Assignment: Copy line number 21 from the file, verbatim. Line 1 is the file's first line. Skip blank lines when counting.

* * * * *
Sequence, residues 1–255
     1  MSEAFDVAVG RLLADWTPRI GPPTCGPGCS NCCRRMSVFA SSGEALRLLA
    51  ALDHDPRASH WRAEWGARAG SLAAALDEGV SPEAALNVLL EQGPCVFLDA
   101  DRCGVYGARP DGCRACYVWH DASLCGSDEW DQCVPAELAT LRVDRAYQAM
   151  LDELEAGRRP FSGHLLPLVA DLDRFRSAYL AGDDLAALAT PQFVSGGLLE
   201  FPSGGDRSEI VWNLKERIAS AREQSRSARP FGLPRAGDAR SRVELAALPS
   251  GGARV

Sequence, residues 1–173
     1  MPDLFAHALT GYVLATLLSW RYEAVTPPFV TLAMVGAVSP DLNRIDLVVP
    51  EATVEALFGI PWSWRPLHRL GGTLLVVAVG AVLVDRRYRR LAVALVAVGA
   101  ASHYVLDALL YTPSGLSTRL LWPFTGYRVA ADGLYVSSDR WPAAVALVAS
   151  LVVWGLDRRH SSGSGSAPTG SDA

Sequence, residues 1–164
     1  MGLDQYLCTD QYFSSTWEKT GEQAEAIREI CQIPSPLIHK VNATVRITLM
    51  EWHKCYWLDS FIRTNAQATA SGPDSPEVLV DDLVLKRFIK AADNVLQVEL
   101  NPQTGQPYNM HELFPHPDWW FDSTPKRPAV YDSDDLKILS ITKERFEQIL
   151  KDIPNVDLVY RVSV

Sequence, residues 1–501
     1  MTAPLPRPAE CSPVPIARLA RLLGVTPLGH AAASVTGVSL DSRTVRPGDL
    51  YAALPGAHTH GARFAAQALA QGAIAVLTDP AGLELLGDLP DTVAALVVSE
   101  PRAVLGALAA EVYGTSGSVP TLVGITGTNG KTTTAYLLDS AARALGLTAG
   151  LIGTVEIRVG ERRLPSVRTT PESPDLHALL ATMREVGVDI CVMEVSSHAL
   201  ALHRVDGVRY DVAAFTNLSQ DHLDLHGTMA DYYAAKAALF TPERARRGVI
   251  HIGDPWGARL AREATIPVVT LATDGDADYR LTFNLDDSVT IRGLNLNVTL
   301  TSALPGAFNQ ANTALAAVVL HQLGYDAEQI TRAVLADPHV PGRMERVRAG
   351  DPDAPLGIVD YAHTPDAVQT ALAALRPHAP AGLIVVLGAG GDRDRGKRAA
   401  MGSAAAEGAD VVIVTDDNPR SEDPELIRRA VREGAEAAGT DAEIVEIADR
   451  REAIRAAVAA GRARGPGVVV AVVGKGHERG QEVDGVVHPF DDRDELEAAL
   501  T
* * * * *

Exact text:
   101  PRAVLGALAA EVYGTSGSVP TLVGITGTNG KTTTAYLLDS AARALGLTAG